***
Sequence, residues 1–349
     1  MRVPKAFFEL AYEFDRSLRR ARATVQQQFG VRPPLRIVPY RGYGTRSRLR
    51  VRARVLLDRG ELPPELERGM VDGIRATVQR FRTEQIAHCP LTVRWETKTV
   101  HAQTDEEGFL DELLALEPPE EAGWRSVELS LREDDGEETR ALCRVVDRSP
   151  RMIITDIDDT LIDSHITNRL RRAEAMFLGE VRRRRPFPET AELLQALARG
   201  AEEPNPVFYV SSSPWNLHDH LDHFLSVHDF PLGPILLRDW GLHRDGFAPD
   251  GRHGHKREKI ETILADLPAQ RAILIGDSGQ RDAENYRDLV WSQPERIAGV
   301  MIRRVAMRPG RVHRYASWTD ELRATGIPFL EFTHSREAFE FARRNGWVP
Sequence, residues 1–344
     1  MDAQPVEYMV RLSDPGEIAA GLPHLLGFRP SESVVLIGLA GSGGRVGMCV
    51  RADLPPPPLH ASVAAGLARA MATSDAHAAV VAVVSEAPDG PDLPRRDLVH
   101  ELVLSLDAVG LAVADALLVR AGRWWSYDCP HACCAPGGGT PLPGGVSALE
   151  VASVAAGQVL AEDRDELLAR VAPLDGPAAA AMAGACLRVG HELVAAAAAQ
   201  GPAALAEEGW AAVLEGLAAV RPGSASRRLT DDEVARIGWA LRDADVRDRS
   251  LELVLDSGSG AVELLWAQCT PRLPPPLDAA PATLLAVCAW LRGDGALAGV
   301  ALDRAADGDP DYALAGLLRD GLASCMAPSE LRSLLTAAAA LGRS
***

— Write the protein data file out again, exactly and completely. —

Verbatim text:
Sequence, residues 1–349
     1  MRVPKAFFEL AYEFDRSLRR ARATVQQQFG VRPPLRIVPY RGYGTRSRLR
    51  VRARVLLDRG ELPPELERGM VDGIRATVQR FRTEQIAHCP LTVRWETKTV
   101  HAQTDEEGFL DELLALEPPE EAGWRSVELS LREDDGEETR ALCRVVDRSP
   151  RMIITDIDDT LIDSHITNRL RRAEAMFLGE VRRRRPFPET AELLQALARG
   201  AEEPNPVFYV SSSPWNLHDH LDHFLSVHDF PLGPILLRDW GLHRDGFAPD
   251  GRHGHKREKI ETILADLPAQ RAILIGDSGQ RDAENYRDLV WSQPERIAGV
   301  MIRRVAMRPG RVHRYASWTD ELRATGIPFL EFTHSREAFE FARRNGWVP
Sequence, residues 1–344
     1  MDAQPVEYMV RLSDPGEIAA GLPHLLGFRP SESVVLIGLA GSGGRVGMCV
    51  RADLPPPPLH ASVAAGLARA MATSDAHAAV VAVVSEAPDG PDLPRRDLVH
   101  ELVLSLDAVG LAVADALLVR AGRWWSYDCP HACCAPGGGT PLPGGVSALE
   151  VASVAAGQVL AEDRDELLAR VAPLDGPAAA AMAGACLRVG HELVAAAAAQ
   201  GPAALAEEGW AAVLEGLAAV RPGSASRRLT DDEVARIGWA LRDADVRDRS
   251  LELVLDSGSG AVELLWAQCT PRLPPPLDAA PATLLAVCAW LRGDGALAGV
   301  ALDRAADGDP DYALAGLLRD GLASCMAPSE LRSLLTAAAA LGRS